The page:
|Office:||1212 Bowers Hall
|Lab:||1211 Bowers Hall|
Adelphi University, B.S.
University of Michigan, M.S., Ph.D.
My current research encompasses three areas: a) environmental biology of reptiles and amphibians; b) ecology of invading organisms; and c) the evolution of behavior. Each area involves student research assistants and collaboration with colleagues from other universities and from state and federal agencies.I am studying the effects of human environmental disturbances and urbanization on the distributions of reptiles and amphibians. At present, this project involves extensive field work in central New York and at Onondaga Lake in particular. The Onondaga Lake ecosystem, which lies at the edge of the city of Syracuse, supports interesting herpetofaunal populations despite extensive pollution and habitat modification. How these species can tolerate this extreme environment requires much further study.From a conservation biology perspective, I am also studying the ecology of the invading terrestrial flatworm, Bipalium adventitium. This turbellarian is believed to have been brought into the US accidentally over the last 60 years. It feeds voraciously on local earthworms and, hence, may damage both agricultural and native forest systems. My students and I, using field and laboratory studies, are examining the distribution, spread, and ecological roles of this exotic flatworm.Using both phylogenetic and ecological approaches, I have been investigating how behavior evolves. Behavioral traits, like morphological and physiological traits, are the products of complex interactions of evolutionary, ontological, and environmental factors. My interest in this area combines experimental and theoretical analyses of both behavioral homology and evolutionary transitions in the behavior of organisms of all kinds (including humans). My experimental work has focused on the defensive behavior of salamanders.I am also co-founder (with Matt Chapman) of the Cortland Herpetology Connection, a program which supports student involvement in herpetofaunal conservation efforts.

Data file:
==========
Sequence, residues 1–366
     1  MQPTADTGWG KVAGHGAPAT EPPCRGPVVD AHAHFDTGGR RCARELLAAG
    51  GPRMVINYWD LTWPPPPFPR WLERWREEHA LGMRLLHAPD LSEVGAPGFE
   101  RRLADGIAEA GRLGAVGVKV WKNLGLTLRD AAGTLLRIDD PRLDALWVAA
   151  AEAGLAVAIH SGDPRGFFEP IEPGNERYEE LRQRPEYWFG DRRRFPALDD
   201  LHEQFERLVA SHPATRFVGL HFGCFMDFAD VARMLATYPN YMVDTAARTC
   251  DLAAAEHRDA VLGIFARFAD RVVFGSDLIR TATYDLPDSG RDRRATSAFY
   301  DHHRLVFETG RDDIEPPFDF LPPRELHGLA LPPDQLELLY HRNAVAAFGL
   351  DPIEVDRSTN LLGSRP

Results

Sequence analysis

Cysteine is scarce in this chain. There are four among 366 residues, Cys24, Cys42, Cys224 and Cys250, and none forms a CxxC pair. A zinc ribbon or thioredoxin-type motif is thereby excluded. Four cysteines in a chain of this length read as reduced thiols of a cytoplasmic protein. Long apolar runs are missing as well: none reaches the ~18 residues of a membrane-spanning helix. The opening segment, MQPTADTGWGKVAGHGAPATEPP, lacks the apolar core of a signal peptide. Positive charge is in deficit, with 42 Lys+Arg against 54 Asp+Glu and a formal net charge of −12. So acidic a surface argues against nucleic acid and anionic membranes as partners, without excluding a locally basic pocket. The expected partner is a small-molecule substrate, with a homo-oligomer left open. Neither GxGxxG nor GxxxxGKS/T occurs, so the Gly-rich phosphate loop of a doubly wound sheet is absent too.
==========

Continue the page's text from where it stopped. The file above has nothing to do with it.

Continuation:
Ducey, P. K., M. McCormick, and E. Davidson. 2007. Natural history observations on Bipalium cf. vagum Jones and Sterrer, 2005 (Platyhelminthes: Tricladida), a terrestrial broadhead planarian new to North America. Southeastern Naturalist (in press).Gibbs, J.P., A.R. Breisch, P.K. Ducey, G. Johnson, J. L. Behler, and R.C. Bothner. 2007. Amphibians and Reptiles of New York State: Identification, Natural History, and Conservation. Oxford University Press.Ducey, P. K. and H. K. Golightly. 2006. Reproductive strategies of the invasive planarians Bipalium adventitium and B. kewense in North America. Berichte des Naturwissenschaftlich – Medizinischen Vereins in Innsbruck Suppl. 16:37 (Abstract)Ducey, P. K., J. Cerqua, L-J West, and M. Warner. 2006. Rare egg capsule production in the invasive terrestrial planarian Bipalium kewense. Southwest Naturalist 51(2):252-254.Ducey, P. K., L-J West, G. Shaw, and J. Delisle. 2005. Reproductive ecology and evolution in the invasive terrestrial planarian Bipalium adventitium across North America. Pedobiologia 49:367-377Fiore, C., J. L. Tull, S. Zehner, and P. K. Ducey. 2004. Tracking and predation on earthworms by the invasive terrestrial planarian Bipalium adventitium (Tricladida, Platyhelminthes). Behavioural Processes 67(3):327-334.Ducey, P. K. and J. A. Wicknick. 2004. Behavior and kinematics of burrowing in Ambystoma salamanders. J. Morphology 260(3):288 (Abstract)Ducey, P. K., M. Messere, K. LaPoint, and S. Noce. 1999. Lumbricid prey and potential herpetofaunal predators of the invading terrestrial flatworm Bipalium adventitium (Turbellaria: Tricladida: Terricola). American Midland Naturalist 141:305-314.Ducey, P. K and S. Noce. 1998. Successful invasion of New York State by the terrestrial flatworm Bipalium adventitium. Northeastern Naturalist 5(3):199-206.Ducey, P. K., W. Newman, K. D. Cameron, and M. Messere. 1998. Herpetofauna of the highly-polluted Onondaga Lake ecosystem, Onondaga County, New York. Herpetological Review 29(2):118-119.Messere, M. and P. K. Ducey. 1998. Forest floor distribution of northern redback salamanders, Plethodon cinereus, in relation to canopy gaps: first year following selective logging. Forest Ecology and Management 107:319-324.Cameron, K. D., S. B. Broyles, and P. K. Ducey. 1998. Non-lethal technique for obtaining tissue for molecular studies of Ambystoma salamanders. Herpetological Review 29(1):20-23.Mathis, A., R. G. Jaeger, W. H. Keen, P. K. Ducey, S. Walls, and B. Buchannan. 1995. Aggression and territoriality in salamanders and a comparison with the territorial behavior of frogs. In: Amphibian Biology, Vol. 2, H. Heatwole and B. Sullivan (eds.).Ducey, P. K. and J. Dulkiewicz. 1994. Antipredator behavior of terrestrial red-spotted newts, Notophthalmus viridescens (Caudata: Salamandridae): comparisons of adults and efts in field and laboratory tests. Journal of Herpetology 28:530-533.Ducey, P. K., K. Schramm, and N. Cambry. 1994. Interspecific aggression between the sympatric salamanders Ambystoma maculatum and Plethodon cinereus. American Midland Naturalist 131:320-329.Ducey, P. K., E. D. Brodie, and E. A. Baness. 1993. Salamander tail autotomy and snake predation: role of antipredator behavior and toxicity for three neotropical salamanders (Caudata: Plethodontidae). Biotropica 25(3):344-349.Ducey, P. K., D. R. Formanowicz, L. Boyet, J. Mailloux, and R. A. Nussbaum. 1993. Experimental examination of burrowing behavior in caecilians (Amphibia: Gymnophiona): effects of soil compaction on burrowing ability. Herpetologica 49(4):450-457.Ducey, P. K. and E. D. Brodie, Jr. 1991. Evolution of antipredator behavior: Individual and populational variation in a neotropical salamander. Herpetologica 47(1):89-95.Formanowicz, D. R., Jr. and P. K. Ducey. 1991. Burrowing behavior and soil manipulation by a tarantula, Rheocostica hensi (Girard 1853) (Araneida: Theraphosidae). Can. Journal of Zoology 69:2916-2918. Ducey, P. K. and J. Heuer. 1991. Effects of food availability on intraspecific aggression in salamanders of the genus Ambystoma. Canadian Journal of Zoology 69: 288-290.Kraus, F., P. K. Ducey, M. Miyamoto, and P. Moller. 1991. Two new triparental unisexual Ambystoma from Ohio and Michigan. Herpetologica 47(4):429-439.Ducey, P. K. 1989. Agonistic behavior and biting during intraspecific encounters in Ambystoma salamanders. Herpetologica 45(2):155-160.Nussbaum, R. A. and P. K. Ducey. 1988. Cytological evidence for monophyly of the caecilians (Amphibia: Gymnophiona) of the Seychelles archipelago. Herpetologica 44:290-296.